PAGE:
There are different approaches to housecleaning. Some are content to cut down on the clutter, while others are out to destroy microbes. My mother was in the latter category. She employed a scorched-earth policy on Saturday mornings, using the harshest-smelling chemicals known to man. These included bleach, ammonia and vinegar. (We were also using volcanic soap on our skin). If we had a canary, it would have keeled over.

Maybe that’s why I have an aversion to cleaners that smell like they’re out to kill all life forms, including me. Searching for an alternative, I visited Schauer’s Hardware and chatted with the owner, Rich. He admits to being an old-school guy who uses ammonia and water on the store windows. He also risks his life by drinking tap water. But, business-wise, he believes the tide is turning in favor of green products.

He said there’s been a gradual improvement in the effectiveness of green products and they’ve become more affordable. In general, though, they are not as quick-acting as their chemical cousins. He offered the example of paint remover. The green product takes hours, while the toxic one will take off six layers of paint in minutes. Green cleaning products, though, are getting to be more on par with their toxic relatives.

Rich’s store also carries the old-fashioned push mowers along with new electric mowers powered by an 18-volt battery. As Rich observed, “No one has big lawns in Forest Park.” Along the same line, are the battery-powered lawn and garden tools he carries. He also has shelves of microbial drain openers, as well as the slow-acting paint remover. Many of these products have government labels asserting that they’re made from recycled materials, or are designed for the environment.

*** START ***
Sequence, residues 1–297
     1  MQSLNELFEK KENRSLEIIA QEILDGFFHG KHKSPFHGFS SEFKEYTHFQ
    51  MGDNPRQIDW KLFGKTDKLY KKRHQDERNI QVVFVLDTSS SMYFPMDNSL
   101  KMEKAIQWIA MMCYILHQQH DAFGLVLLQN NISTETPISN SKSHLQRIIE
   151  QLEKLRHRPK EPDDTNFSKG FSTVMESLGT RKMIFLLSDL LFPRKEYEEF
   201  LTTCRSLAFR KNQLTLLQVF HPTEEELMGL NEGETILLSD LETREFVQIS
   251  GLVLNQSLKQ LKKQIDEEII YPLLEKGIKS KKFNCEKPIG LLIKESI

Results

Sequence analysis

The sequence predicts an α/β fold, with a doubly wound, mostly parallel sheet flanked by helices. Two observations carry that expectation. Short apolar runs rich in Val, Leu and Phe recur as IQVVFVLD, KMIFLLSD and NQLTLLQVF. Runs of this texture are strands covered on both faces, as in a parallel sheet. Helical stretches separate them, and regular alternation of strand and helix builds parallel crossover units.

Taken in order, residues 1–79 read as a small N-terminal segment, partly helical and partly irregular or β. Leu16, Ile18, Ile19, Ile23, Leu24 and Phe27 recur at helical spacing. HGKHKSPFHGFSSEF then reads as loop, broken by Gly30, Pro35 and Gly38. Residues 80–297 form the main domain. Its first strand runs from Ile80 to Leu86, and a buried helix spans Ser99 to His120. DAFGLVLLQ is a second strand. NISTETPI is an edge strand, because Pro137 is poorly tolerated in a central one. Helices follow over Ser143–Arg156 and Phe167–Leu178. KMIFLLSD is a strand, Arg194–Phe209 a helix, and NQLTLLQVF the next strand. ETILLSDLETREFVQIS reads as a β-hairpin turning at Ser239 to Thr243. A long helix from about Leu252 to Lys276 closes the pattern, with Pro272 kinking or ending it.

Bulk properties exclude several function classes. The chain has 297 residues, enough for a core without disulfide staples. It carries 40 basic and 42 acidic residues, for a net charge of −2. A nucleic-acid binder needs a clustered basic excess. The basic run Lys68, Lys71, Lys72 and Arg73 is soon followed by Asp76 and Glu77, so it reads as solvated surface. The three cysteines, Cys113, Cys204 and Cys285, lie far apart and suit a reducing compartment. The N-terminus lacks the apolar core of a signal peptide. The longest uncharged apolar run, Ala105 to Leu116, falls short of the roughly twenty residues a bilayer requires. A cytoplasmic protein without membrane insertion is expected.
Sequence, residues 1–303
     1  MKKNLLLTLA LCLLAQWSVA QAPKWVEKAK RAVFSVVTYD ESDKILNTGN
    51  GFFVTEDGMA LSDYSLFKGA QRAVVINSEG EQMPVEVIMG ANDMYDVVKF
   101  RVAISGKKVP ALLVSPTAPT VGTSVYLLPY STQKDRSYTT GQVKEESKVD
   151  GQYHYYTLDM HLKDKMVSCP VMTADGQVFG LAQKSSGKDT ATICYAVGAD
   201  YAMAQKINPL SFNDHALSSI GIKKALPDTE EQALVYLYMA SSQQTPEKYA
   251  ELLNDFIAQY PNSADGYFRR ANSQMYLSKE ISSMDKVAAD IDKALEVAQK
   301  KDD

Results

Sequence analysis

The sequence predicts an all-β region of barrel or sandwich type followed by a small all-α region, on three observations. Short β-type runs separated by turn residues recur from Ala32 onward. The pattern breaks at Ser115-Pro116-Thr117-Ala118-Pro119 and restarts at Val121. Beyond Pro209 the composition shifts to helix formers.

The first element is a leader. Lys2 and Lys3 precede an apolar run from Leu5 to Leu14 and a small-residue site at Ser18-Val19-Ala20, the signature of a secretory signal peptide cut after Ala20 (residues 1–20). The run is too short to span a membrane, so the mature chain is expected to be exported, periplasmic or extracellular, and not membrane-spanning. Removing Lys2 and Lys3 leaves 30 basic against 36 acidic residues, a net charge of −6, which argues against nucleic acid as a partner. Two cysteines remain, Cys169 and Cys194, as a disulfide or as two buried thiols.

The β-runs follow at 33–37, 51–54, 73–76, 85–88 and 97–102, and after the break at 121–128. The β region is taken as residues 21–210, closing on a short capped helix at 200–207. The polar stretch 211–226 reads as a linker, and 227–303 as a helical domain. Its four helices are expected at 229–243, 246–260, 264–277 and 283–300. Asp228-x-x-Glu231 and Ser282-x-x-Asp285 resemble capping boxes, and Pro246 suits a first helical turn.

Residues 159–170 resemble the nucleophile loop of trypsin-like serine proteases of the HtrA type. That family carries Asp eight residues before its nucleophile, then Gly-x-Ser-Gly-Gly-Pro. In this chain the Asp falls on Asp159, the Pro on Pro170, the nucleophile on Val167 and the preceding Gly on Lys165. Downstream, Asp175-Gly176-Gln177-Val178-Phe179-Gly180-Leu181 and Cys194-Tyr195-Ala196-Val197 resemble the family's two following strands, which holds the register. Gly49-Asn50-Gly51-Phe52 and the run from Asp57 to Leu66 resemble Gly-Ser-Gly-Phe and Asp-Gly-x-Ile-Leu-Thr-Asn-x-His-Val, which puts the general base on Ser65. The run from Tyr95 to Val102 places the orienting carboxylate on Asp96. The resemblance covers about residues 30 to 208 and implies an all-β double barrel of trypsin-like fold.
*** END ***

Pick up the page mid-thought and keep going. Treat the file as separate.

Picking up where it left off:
Of course, not all that is labeled green is really eco-friendly. He pointed to the curly-cue bulbs that have replaced the old filament kind. The government said that the old bulbs were destroying the ozone layer. The new ones use less power but contain mercury. There are also products that have been around for years that have finally been slapped with a green label. CLR rust remover, for example.

Rich said green products have the advantage of being less toxic to the user and better for the planet. I was sold. I bought a spray-bottle of natural all-purpose cleaner and carried it home in a recycled plastic bag. Its ingredients included filtered water, coconut and corn-based components and essential lemon oil. It sounded like a great after-dinner drink and smelled like a margarita. It contained no bleach or phosphorous. What would mom think? I went home and sprayed some microbes. I’m not sure if I killed them, but I’m sure they felt a bit queasy. It also felt good to finally get around to saving the world.